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UBC Theses and Dissertations

Hyper-lignified root systems as a carbon sink in Arabidopsis thaliana Nye, Adrienne Juliana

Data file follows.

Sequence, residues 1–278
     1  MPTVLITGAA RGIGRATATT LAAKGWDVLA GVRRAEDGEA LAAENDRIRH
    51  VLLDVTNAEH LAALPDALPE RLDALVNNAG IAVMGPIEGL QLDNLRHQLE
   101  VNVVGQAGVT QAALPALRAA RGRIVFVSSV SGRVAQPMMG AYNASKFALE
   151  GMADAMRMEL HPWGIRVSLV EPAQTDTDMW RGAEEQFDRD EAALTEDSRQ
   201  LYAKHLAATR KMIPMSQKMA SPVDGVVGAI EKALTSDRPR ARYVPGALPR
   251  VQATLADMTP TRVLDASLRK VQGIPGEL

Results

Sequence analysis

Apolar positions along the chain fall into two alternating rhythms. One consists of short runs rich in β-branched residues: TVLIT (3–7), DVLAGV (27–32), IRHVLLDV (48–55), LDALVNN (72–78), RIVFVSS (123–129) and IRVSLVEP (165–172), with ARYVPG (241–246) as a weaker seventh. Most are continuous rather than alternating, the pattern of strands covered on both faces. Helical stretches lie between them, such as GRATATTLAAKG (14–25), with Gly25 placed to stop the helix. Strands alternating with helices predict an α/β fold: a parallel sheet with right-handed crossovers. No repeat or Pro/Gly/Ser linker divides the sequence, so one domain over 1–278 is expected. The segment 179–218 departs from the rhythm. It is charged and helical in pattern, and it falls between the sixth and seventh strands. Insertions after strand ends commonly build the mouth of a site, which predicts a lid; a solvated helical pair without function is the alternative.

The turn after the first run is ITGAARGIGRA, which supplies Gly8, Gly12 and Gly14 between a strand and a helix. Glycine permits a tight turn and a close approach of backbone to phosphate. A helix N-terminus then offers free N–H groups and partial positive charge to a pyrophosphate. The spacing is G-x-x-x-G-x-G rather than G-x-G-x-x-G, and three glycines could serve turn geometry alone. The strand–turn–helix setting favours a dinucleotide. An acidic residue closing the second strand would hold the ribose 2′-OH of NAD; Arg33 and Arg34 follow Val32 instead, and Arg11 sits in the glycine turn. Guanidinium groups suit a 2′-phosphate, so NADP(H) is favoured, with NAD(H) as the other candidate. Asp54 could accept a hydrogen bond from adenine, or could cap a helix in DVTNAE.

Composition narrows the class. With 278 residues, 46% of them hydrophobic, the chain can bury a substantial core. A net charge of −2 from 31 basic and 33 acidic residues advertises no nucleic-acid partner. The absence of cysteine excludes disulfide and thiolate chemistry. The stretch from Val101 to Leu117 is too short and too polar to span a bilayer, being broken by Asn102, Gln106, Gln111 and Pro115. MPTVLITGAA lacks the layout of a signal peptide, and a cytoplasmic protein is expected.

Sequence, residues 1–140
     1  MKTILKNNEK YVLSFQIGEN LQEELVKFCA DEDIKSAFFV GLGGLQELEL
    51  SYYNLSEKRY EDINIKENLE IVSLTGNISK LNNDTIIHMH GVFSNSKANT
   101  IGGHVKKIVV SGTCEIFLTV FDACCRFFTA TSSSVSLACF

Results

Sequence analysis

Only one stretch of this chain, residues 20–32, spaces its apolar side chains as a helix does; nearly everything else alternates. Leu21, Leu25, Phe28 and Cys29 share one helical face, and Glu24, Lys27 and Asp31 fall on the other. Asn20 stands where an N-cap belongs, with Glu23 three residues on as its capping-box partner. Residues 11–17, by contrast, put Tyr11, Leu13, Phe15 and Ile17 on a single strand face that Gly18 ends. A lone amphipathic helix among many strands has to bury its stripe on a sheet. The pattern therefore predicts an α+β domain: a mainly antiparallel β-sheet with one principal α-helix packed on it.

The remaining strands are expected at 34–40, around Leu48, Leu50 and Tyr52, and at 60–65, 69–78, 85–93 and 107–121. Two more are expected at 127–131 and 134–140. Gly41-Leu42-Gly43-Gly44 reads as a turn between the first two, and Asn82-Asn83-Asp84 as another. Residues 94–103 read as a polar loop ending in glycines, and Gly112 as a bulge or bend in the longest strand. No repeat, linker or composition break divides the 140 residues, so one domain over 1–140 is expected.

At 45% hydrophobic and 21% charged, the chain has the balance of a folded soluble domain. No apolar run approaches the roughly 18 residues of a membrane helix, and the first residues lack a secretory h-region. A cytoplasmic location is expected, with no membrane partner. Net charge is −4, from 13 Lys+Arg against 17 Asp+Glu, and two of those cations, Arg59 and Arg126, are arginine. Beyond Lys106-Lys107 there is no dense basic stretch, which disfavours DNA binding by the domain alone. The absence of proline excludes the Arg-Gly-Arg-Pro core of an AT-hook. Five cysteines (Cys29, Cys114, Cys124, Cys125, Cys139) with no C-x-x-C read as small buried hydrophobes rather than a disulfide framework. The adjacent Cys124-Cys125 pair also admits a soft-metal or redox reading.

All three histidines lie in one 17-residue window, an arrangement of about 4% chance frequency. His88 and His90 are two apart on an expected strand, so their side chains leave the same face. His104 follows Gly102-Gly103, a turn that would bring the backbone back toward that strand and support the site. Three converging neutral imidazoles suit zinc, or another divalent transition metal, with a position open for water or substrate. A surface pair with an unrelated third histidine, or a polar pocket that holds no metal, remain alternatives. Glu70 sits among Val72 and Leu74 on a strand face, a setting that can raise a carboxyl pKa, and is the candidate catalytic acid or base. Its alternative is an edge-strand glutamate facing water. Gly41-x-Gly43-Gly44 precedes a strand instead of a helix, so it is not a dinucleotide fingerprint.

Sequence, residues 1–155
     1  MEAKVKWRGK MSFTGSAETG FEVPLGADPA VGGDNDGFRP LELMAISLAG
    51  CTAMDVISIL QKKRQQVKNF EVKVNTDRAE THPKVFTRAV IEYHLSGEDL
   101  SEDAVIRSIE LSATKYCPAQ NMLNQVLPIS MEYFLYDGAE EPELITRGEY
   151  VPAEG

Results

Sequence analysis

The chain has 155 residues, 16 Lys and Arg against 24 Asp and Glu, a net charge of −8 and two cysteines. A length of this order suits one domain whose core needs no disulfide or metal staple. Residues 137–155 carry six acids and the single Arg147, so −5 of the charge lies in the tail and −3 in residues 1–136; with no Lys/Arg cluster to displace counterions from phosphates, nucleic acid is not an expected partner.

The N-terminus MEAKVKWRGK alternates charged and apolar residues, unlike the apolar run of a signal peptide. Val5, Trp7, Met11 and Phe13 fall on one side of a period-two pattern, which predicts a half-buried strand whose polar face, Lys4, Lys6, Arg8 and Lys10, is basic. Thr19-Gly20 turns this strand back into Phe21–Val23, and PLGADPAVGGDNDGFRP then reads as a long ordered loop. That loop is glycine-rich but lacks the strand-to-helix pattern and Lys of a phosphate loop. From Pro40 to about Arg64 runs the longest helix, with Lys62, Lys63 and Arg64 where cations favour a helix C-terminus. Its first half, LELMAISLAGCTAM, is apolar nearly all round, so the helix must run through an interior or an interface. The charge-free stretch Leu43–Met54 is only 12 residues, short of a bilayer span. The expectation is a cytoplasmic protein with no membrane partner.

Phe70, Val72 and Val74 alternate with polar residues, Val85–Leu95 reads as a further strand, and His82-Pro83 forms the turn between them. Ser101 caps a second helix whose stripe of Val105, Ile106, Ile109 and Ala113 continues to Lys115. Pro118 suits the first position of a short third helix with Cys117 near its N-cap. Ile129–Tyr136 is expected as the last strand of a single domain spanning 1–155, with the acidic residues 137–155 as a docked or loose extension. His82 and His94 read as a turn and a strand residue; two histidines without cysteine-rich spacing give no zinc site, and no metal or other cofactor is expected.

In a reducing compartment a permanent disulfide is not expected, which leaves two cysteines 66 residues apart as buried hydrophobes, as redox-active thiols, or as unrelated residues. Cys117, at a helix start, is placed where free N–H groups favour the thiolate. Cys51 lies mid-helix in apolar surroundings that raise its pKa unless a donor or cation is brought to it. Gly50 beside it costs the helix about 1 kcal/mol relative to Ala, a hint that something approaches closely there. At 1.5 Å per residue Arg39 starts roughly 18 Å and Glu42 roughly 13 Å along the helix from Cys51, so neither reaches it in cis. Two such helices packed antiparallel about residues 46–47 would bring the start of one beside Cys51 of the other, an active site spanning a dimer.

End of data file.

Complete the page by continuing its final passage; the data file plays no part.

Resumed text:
Lignified plant cell walls represent an immense carbon sink to offset rising atmospheric carbon dioxide (CO₂) due to the chemical stability and structural diversity of the bonds formed between lignin subunits, making it the slowest decomposing component of dead vegetation. This thesis explores the feasibility of increasing lignin deposition in roots through overexpression of SND1 (Secondary Wall Associated NAC Domain Protein 1), a key transcriptional activator involved in regulating secondary wall biosynthesis in fibres, under the control of two different putative root-specific promoters, 4-coumarate:CoA ligase 1 (4CL1) and glutathione S-transferase-tau class 19 (GSTU19). Transgenic plants were analyzed at: 1) the molecular level (transcription of lignin pathway genes and regulatory transcription factors (TFs) involved in cell wall biosynthesis), 2) the chemical level (lignin content) and 3) the plant growth and development level (phenotyping and microscopy). Results showed that: i) SND1 was overexpressed in a tissue-specific manner in roots, ii) SND1 overexpression caused an upregulation of its previously known direct downstream targets, iii) SND1 overexpression did not result in a modification of indicative lignin biosynthetic pathway genes in roots, iv) plants overexpressing SND1 in roots generally produced plants with decreased total lignin content, v) plants overexpressing SND1 in roots generally showed an increase in lateral root density, and vi) seed traits, plant growth and development, plant height and lignin deposition patterns in roots remained unaltered. Misregulation of SND1 in roots did not result in the predicted increase in lignin deposition patterns in this organ.

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